Recognising and tackling domestic violence

Fatema Dewji is an iconic figure in Tanzania - she's young, successful and determined to end gender-based violence, and has founded online show Educate, Empower and Inspire. As part of our 16 Days series, Fatima discusses the signs and impact of domestic violence and how it can be tackled.

There’s a good chance you know a victim of domestic violence.

Around the world, 1 in 3 women will experience domestic violence in their lifetime, according to UN around one third of the entire female population experiences physical or sexual violence from intimate partner. That means that someone in your life – a friend, sister, neighbor, or teacher – has been assaulted at the hands of a partner.

In no country in the world are women safe from domestic violence. Research shows that in the US alone, a woman is beaten or assaulted every 9 seconds. One in 5 cases of “honor killings” worldwide occur in India, but some organizations claim the number is 4 times higher. According to WHO in Tanzania, 41% of women in Dar es Salaam and 56 % in Mbeya have experienced physical abuse at the hands of their partners (IPV) in their lifetime. In China, the UN reports that 25% of married women suffer domestic violence but the number may be as high as 40%.

Children exposed to domestic violence are 3 to 4 times more likely to perpetuate the abuse as adults, creating a seemingly never ending cycle.

So a woman in a picture perfect marriage might also be a mother who needs to shield her son from his father’s blows, put makeup on bruises, smile when everything inside her feels broken. She might be desperate to leave, but can’t because her husband is controlling her every cent, her every move. And in the end to make matter worse her son still may grow up to treat women the same way his father treated his mother.

Violence can happen even before the child is born - miscarriage and even death are much more likely when a pregnant woman is abused, as well as higher rates of growth retardation, premature birth, and low birth weight

This is a rampant issue, but why don’t we talk about it more?

Because it is not always obvious, and most attacks go unreported. Because of the stigma of divorce and normality of domestic violence, only about 3% of divorces in China are granted on the basis of domestic violence alone. Nearly 56% of abused women in Dar es Salaam did not seek help because they thought that such violence was “normal.”

To this day, people are more afraid of strangers than they are of those more likely to hurt them –their loved ones, (husbands, partners, boyfriends etc). You are more likely to suffer abuse from someone you know, “It’s just marriage issues”, “they’ll figure it out on their own” or “it’s somebody else’s business”, what happens behind closed doors stays behind closed doors, these are some of the answers we are more likely to hear once someone raises an alarm about domestic violence.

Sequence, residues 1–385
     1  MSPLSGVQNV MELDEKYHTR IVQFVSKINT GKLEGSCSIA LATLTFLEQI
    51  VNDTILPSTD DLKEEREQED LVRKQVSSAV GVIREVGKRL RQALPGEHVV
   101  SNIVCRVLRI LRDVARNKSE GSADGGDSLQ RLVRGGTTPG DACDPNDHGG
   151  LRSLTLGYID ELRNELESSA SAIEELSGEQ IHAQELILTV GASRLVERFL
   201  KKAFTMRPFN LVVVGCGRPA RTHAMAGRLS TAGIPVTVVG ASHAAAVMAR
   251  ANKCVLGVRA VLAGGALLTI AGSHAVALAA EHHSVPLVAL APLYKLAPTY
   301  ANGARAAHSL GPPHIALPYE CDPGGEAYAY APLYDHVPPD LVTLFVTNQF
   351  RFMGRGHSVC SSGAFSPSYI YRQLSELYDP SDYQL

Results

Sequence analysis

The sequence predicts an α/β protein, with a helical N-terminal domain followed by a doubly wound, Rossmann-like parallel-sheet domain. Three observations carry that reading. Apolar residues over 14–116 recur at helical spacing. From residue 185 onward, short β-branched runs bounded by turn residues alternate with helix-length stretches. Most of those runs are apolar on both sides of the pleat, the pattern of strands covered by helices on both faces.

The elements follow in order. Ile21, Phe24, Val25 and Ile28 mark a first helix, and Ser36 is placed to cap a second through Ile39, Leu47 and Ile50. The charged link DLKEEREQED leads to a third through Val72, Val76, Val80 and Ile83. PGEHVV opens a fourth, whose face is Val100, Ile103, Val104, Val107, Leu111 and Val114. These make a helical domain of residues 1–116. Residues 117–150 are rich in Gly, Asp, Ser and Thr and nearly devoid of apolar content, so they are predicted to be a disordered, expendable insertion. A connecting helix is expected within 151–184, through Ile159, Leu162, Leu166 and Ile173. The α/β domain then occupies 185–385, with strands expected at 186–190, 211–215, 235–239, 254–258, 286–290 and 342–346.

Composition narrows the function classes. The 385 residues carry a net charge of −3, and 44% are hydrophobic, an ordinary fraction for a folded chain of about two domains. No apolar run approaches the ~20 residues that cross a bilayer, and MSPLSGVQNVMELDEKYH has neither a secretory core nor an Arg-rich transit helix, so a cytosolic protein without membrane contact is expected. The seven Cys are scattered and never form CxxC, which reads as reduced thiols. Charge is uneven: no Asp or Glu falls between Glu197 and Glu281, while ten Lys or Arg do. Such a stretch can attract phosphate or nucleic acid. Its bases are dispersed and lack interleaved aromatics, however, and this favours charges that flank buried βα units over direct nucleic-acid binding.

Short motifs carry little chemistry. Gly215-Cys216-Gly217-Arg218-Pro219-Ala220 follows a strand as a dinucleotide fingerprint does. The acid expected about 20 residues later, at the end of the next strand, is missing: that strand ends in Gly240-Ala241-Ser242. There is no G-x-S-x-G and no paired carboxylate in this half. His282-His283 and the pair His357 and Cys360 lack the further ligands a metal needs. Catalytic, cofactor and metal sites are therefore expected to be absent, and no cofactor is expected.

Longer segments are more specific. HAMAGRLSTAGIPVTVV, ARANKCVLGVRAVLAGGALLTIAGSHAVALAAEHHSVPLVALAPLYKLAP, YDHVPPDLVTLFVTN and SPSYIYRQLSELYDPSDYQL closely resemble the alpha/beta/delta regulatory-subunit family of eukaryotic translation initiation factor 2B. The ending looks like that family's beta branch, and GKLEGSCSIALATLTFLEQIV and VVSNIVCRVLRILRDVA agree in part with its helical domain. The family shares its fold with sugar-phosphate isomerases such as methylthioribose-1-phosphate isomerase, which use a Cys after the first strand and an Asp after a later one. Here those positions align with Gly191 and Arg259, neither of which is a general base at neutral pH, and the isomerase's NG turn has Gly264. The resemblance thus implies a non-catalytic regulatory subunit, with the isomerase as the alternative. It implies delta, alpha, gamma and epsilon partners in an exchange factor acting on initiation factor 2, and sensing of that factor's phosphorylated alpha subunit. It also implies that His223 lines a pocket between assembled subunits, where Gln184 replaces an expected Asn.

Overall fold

Most abusers don’t commit violence openly, but it still reflects on their public life. You can note actions/behaviors which are not very pleasing this can be like; having a tendency of putting partner down in front of friends, belittling her actions and opinions, maybe he is extremely possessive, never letting her out of his sight or maybe he is always, always angry. Maybe she is always worried of making him angry, maybe she makes excuses for his behavior, maybe she has unexplained bruises she tries to hide.

If you see something, say something. Be attentive to the warning signs. But before that, you must remember not to be judgmental, just be as understanding as you can. Don’t accuse her of lying, or ask her why she hasn’t left him. Abuse can come in many forms – it’s not just physical it can even be financial where a partner controls all the money in the house so the victim cannot support herself without him. You cannot know, and you won’t know until you ask.

Acknowledge the pain she is going through. Be supportive of her decisions. But always remember that you cannot fix it for her – she is going to have to do that for herself.

If you feel trapped in an unsafe relationship, remember this – you are worthy of being loved. You are more than this more than your bruises and broken bones, and more than his hate and anger. There is still hope. Reach out to a friend, a coworker or someone you know you can trust. If you don’t know anyone, there are still many resources you can reach and hotlines you can call to find the help you need. Just know that you are stronger than this.